As the UK government continues to react to the effects of lockdown on the economy and try reinvigorate it back into life, the idea of an online sales tax has reportedly been mulled over by Chancellor of the Exchequer Rishi Sunak.
The government is considering two approaches to the potential online sales tax. One option is a 2% levy on goods sold online, and the other is a charge on deliveries. The knock on effect is that prices will be raised for consumers and it’ll be more challenging to sell online. The proposals are intended to to protect high street shops from mounting competition and widespread closures.
BRC lobby against proposed online tax
Yet even though the government acknowledged that, “each proposal has potentially significant challenges, some practical or administrative, and others more fundamental,” there are some reports that the introduction of an online sales tax is becoming more likely. This has prompted a reaction from those on the front line as British retail industry lobby group has warned that an online sales tax would push up prices for consumers.
Tom Ironside, Director of Business and Regulation at the British Retail Consortium, said:
“Taxing the sale or delivery of online goods would simply be another burden on an already overtaxed industry, one that would ultimately hit consumer spending through higher prices.
Throughout the pandemic, many of us have been relying on retailers to ramp up their online services to ensure we can all get the goods we need. The government should not harm these efforts by further taxing the businesses.”
And as noted, the eCommerce business model has been a force for good throughout the lockdown allowing those who could not get access to products and services from the safety of their own home. The popularity of online shopping throughout the lockdown period was highlighted by the fact that while online purchasing accounted for 43% of all shopping prior to the pandemic, it rose to 62% following the Government’s introduction of lockdown in late March.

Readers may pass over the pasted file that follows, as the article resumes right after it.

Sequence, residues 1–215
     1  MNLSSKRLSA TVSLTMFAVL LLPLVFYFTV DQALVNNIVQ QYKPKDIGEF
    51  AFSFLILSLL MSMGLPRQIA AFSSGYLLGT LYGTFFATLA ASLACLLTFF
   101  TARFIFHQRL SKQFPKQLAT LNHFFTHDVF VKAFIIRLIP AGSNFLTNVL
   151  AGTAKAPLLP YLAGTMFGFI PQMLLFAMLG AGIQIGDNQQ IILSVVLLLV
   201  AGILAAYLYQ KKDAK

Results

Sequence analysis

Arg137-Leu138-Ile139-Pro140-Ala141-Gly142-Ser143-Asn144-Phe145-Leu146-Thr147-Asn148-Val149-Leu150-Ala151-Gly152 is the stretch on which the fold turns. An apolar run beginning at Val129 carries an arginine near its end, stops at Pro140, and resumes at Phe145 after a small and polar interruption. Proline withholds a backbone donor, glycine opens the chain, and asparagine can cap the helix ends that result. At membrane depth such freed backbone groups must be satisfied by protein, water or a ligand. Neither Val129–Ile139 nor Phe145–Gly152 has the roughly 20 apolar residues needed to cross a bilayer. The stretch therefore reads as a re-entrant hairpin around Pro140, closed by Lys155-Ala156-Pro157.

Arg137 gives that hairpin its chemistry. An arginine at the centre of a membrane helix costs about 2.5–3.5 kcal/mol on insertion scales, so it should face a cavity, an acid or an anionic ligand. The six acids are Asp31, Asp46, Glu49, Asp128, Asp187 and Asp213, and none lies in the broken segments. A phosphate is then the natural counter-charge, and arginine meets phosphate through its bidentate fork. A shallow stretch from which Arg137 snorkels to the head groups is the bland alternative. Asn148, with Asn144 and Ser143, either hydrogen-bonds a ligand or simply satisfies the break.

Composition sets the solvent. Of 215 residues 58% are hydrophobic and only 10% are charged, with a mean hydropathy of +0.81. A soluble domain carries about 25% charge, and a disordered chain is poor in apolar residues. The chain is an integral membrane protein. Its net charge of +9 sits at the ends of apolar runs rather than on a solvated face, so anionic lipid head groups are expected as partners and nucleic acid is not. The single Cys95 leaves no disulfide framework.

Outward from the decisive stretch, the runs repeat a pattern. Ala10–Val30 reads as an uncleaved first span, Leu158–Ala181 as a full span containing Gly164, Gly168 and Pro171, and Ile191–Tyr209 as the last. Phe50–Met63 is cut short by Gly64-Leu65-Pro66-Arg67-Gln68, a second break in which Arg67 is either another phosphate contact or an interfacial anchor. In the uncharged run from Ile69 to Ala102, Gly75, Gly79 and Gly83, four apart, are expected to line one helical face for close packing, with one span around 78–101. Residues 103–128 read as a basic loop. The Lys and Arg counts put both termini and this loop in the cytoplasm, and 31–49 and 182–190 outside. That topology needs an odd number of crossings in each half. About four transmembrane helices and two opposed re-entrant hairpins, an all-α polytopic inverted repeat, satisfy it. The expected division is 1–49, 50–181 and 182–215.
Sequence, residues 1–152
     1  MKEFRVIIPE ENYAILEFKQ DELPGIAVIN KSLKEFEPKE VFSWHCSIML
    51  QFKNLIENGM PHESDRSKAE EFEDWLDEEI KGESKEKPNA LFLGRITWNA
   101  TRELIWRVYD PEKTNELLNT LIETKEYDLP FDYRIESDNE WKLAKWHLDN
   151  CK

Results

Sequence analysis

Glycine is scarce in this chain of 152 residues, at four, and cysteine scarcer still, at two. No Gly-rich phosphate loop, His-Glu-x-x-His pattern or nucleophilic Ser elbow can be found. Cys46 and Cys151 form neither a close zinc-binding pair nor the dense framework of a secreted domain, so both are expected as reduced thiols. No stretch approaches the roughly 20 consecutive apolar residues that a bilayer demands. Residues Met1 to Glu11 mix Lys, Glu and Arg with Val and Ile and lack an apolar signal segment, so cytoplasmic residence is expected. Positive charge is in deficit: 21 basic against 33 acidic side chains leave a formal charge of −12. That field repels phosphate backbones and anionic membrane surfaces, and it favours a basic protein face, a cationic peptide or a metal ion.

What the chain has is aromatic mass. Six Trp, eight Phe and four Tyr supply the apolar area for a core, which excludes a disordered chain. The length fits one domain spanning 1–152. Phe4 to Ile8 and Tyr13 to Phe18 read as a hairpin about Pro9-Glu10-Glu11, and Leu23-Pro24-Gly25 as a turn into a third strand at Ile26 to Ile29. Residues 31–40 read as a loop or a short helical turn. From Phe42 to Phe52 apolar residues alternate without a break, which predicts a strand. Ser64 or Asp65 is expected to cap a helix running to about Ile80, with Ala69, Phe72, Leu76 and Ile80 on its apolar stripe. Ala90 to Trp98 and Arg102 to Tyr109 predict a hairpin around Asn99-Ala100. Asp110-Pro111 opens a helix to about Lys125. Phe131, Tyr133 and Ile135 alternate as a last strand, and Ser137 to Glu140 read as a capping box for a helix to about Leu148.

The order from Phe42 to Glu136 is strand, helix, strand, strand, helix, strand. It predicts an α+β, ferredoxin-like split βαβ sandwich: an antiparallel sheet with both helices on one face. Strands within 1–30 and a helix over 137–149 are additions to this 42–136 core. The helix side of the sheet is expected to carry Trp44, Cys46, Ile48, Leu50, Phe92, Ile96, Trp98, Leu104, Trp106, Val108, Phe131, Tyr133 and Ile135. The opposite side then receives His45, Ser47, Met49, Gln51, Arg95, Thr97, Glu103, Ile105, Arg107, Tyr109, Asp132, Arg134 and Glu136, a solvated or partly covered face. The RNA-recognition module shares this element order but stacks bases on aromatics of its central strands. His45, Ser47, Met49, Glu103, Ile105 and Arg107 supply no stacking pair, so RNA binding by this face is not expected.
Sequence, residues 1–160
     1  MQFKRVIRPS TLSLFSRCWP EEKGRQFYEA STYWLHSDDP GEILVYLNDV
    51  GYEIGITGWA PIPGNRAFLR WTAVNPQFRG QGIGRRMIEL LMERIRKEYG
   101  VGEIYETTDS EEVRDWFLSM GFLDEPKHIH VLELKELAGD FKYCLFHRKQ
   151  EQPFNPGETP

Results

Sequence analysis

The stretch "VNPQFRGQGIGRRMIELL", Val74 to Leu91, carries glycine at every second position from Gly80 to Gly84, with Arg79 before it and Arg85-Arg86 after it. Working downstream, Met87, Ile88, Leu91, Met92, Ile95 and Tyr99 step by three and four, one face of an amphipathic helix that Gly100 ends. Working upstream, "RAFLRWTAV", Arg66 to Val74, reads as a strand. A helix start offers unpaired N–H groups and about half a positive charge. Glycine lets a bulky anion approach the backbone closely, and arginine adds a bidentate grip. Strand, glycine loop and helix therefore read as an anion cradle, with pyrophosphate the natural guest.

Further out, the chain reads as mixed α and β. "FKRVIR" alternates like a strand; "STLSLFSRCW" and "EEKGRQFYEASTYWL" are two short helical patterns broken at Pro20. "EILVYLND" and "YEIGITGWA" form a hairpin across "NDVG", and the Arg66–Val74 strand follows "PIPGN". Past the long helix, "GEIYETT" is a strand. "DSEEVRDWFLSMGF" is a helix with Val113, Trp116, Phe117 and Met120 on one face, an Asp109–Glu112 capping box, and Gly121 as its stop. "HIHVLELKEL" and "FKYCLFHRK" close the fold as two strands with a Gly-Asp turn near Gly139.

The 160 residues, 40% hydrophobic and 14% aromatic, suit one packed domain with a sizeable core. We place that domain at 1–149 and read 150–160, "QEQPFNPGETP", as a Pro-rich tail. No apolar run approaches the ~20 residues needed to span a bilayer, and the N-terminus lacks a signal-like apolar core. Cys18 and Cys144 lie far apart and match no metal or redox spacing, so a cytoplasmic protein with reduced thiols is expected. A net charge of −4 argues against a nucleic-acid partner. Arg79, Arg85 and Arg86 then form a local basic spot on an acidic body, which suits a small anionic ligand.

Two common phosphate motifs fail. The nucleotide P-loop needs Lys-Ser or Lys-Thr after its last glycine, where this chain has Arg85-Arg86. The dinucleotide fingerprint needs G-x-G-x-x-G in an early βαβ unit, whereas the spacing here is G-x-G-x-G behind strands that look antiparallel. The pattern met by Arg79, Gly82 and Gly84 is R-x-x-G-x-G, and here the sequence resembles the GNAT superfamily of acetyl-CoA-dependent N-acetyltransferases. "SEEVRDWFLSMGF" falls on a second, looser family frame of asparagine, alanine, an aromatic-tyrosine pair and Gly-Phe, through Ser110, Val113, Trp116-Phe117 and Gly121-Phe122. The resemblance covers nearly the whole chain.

And even as the UK exits the lockdown period as we previously knew online sales are continuing to boom. Those who are heading back to brick and mortar stores are finding a different customer experience that does not satisfy needs and meet demands. According to a recent study by ChannelAdvisor and Dynata, 60% of 1,050 UK shoppers said that they had not yet visited a shop one week after they reopened on 15th June. Of those that had, 40% said that the in-store experience was ‘less enjoyable’ than their experience before coronavirus. Tellingly, 67% of shoppers also said that they are comfortable purchasing from online marketplaces, yet it is the eCommerce industry that will be damaged by the proposed tax still.
Online sales tax penalises eCommerce businesses
Arguments have been put forward by business operators too. As an individual operating within the eCommerce space, David Kennett, COO of men's health and wellness business, Optimale, said:
"The idea of introducing an online sales tax to prop up the high street is a poorly thought out reaction to a situation which has been a growing issue for a number of years, now sadly aggravated by the Covid-19 pandemic. The high street has been in decline for many years due to several factors including high business rates, expensive city centre parking and competition from online businesses that offer greater convenience. If the government wants to re-invigorate the high street, they should focus on cutting business rates, and making it easier for people to shop in high street stores.
Penalising online businesses like ours who offer a service which is much more convenient for people to use from the comfort of their home, is unlikely to help the high street - it is just yet another tax on business that will end up increasing prices for consumers. Saving the high street is not going to be achieved through increasing taxes."
Other notable online businesses have also commented with ASOS CEO, Nick Beighton, arguing the online sales tax would actually be self-defeating for the government and do more harm than good for consumers. He said:
"We actually think that will be self-defeating for the government as online sales [charges] will end up being packed onto consumers. We certainly agree, although it’s not a big part of our estate, that the business rates system does need reform. We haven’t started any work on implementation of [the online sales tax] because it’s still a proposal."
To combat any proposed taxation, eCommerce businesses are likely going to have customer relations at key touch points throughout the journey with more care and offer them a greater customer experience incentivising them to complete their purchase.
Cloud.IQ’s overlays address this by utilising overlays that plug key points such as the browsing stage and the cart stage of the customer journey - both of which are highly susceptible to abandonment. Using the overlays, eCommerce businesses are able to nurture customers' desire to purchase by providing discounts in exchange for newsletter sign-ups, or even simply notify customers that they are yet to complete their purchase and offer them a direct way to return.
To learn more about creating a customer journey that continues to drive sales in different contexts, click below for a free trial of the Cloud.IQ platform. Alternatively, if you would like to have your say on the eCommerce taxation, message firstname.lastname@example.org with your views.